In the midst of all of this change, the demands for school resources have increased in three main areas: facilities, educational technology, and supports for educators. Plans for school reopening require changes in the ways that school facilities are used and maintained. Guidelines issued by the Centers for Disease Control and Prevention (CDC, 2020) have been difficult to uphold, and health guidelines will continue to evolve, but at the time we are writing this editorial, are likely to require some combination of a lower density of people in schools (i.e., social distancing), additional health measures (e.g., temperature checks, masks), and increased cleaning (see https://www.cdc.gov/coronavirus/2019-ncov/community/schools-childcare/schools.html).

If students are not in school full-time, districts will need to provide additional resources to support the continuity of learning. This might mean ensuring students have 1:1 access to devices, trying to expand Wi-Fi to more students, or making sure nondigital resources (e.g., work packets) reach all students while also being cognizant of the ways in which school closures have exacerbated socioeconomic gaps and impact students in precarious housing situations (see Rauf, 2020; United Nations, 2020; Van Lancker & Parolin, 2020.)

Teachers’ needs are also greater than they are in a typical school year, and 83% reported in spring 2020 that distance learning made their job more difficult (Page, 2020). Meeting students’ socio-emotional and academic learning needs, likely in a blended or online environment, will require perhaps the steepest learning curve from educators that we have ever seen. Teacher professional learning will have to be a priority to have any reasonable hope that most will rapidly adapt existing pedagogies and/or learn new ones that are effective in distance or hybrid schooling models. At the same time, teachers, like adults writ large, are under greater stress from the intertwined economic and health crises and uncertainty; these make it difficult for administrators to plan and create even more ambiguity and stress. In a national survey administered in spring 2020, nearly one fifth of the teacher respondents reported they would not return to school in the fall (Page, 2020). And the likely increases in stress and trauma experienced by students will undoubtedly increase the professional and personal demands on teachers. An appropriate response by those within the system would include, at the very least: helping teachers feel physically safe with the health measures in place, building time into school schedules to teach coping strategies and build teachers’ resilience, and providing increased peer and group supports for educators’ socio-emotional well-being.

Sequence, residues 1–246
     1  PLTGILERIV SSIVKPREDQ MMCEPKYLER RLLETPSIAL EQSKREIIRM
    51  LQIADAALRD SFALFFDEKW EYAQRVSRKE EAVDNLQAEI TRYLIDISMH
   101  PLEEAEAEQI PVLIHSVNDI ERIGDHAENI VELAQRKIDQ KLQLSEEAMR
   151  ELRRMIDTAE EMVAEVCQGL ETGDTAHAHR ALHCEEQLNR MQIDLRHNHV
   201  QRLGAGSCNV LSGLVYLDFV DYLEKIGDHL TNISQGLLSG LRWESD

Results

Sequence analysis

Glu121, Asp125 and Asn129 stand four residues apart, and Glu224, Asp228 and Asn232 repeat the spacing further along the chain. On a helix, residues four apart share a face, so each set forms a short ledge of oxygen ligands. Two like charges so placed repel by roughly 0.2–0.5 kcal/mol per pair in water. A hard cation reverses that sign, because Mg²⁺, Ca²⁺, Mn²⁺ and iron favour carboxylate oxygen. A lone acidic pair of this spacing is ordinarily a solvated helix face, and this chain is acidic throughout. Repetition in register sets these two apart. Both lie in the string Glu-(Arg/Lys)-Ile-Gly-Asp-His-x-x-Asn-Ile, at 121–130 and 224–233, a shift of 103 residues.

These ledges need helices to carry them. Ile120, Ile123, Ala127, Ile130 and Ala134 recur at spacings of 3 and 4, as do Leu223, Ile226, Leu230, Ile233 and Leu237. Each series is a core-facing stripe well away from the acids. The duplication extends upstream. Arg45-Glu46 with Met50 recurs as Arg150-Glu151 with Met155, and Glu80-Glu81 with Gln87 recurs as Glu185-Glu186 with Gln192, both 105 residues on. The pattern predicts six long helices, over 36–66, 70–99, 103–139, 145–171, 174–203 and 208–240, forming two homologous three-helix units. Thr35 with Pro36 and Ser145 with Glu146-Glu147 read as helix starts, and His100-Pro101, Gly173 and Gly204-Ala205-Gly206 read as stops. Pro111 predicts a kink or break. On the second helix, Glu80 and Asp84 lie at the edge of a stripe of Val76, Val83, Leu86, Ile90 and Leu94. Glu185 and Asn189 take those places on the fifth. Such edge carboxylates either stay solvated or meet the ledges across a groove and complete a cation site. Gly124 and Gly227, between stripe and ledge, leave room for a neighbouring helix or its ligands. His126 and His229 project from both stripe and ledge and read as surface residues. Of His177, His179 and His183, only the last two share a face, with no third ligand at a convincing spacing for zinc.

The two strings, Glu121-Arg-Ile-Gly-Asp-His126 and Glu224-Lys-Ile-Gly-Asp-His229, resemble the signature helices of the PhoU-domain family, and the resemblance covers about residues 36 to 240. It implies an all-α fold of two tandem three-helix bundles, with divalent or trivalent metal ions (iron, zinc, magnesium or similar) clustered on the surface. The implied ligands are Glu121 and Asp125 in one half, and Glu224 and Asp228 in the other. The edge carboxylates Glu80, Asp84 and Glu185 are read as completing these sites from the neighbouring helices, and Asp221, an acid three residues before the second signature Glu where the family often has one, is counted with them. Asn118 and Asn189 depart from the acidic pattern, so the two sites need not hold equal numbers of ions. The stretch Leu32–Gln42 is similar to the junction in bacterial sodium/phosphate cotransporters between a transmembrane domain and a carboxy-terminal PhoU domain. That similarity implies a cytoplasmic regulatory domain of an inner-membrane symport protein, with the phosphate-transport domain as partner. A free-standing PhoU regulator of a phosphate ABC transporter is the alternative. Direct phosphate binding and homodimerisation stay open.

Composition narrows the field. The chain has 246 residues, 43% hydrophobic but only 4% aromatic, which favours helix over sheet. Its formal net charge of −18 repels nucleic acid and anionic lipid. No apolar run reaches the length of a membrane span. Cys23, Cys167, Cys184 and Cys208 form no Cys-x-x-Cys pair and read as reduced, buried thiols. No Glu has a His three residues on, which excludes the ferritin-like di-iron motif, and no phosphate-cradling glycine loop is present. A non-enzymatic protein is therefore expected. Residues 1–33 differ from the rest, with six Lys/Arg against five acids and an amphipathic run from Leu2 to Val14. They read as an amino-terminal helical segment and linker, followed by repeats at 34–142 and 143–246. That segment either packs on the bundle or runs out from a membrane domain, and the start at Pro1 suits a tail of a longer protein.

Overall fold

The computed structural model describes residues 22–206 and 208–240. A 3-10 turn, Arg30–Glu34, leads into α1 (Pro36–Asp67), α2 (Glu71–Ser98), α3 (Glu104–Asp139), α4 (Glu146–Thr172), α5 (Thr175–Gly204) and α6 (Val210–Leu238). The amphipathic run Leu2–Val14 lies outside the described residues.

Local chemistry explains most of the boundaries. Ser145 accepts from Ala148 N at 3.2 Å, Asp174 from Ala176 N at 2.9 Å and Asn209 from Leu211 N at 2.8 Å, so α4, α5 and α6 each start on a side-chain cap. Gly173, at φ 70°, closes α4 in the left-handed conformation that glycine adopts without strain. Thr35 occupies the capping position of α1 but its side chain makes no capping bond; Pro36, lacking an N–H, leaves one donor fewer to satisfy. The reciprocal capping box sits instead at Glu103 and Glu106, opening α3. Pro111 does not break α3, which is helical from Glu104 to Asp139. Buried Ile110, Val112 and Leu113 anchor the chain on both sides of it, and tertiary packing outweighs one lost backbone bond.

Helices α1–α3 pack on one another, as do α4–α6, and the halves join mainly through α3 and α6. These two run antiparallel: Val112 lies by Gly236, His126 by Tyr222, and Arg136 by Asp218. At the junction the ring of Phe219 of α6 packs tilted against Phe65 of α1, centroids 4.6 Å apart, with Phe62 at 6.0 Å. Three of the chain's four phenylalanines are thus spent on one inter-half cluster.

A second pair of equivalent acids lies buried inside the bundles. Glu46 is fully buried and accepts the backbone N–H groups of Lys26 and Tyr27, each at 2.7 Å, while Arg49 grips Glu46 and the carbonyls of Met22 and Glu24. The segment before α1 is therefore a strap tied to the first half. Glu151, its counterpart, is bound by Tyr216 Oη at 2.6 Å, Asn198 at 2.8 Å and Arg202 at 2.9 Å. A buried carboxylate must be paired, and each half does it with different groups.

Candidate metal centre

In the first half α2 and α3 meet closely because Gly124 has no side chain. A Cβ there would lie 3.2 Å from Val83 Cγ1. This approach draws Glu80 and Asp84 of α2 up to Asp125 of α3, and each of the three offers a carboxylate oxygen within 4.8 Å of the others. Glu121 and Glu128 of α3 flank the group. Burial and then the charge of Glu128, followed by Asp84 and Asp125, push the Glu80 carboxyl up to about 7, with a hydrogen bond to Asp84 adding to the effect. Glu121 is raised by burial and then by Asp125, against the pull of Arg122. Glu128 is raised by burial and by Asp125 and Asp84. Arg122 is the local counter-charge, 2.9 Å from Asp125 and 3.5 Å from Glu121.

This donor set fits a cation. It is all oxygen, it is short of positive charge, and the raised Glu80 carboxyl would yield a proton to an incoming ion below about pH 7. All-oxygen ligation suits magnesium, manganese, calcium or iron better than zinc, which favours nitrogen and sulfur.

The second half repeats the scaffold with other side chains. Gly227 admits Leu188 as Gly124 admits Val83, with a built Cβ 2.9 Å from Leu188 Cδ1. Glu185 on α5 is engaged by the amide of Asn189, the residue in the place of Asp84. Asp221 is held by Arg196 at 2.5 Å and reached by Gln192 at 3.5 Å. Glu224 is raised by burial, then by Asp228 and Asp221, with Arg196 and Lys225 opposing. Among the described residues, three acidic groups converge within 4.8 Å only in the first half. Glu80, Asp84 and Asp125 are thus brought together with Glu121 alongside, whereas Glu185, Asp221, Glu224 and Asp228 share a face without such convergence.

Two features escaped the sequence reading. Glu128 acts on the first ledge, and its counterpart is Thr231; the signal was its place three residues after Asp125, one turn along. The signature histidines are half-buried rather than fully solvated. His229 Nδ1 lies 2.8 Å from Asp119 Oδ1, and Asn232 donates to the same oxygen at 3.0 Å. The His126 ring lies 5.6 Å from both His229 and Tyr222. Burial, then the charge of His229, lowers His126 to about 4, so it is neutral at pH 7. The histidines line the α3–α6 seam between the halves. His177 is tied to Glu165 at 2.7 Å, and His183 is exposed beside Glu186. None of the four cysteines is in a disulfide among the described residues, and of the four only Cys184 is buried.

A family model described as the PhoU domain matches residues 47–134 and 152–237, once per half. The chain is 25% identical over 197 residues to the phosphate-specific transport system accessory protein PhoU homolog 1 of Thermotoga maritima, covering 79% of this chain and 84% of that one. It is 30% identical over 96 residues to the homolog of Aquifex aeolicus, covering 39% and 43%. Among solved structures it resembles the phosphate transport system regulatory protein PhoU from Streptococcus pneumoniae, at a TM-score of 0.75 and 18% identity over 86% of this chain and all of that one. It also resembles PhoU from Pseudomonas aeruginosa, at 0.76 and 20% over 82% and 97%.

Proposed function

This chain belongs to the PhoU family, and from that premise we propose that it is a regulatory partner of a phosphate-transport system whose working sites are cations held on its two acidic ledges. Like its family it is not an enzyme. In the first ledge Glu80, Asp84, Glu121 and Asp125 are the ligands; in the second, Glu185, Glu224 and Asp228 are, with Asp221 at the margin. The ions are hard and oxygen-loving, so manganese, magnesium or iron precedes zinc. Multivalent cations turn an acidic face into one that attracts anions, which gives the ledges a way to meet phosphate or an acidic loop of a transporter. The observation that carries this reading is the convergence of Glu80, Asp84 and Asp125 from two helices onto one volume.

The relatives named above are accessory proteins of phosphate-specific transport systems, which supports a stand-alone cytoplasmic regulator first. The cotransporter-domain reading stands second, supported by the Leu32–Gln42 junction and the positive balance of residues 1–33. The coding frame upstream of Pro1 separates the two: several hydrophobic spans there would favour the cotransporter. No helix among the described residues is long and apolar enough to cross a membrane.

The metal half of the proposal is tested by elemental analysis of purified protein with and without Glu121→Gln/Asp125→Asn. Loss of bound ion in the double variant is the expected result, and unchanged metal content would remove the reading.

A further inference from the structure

Ideally, administrators also would have an increased budget to enhance cleaning and bolster educational technology and student access to it and to consider how to most effectively support teachers in this new environment. However, education budgets have been slashed even as the demands placed on schools have been increasing; thus, administrators are faced with trying to do more with fewer funds. This scarcity can pit needs against each other, leading to terrible tradeoffs, but it can also be a disruptive moment which can present opportunities for robust and meaningful research.

The Importance of “Action-Reflection” for Research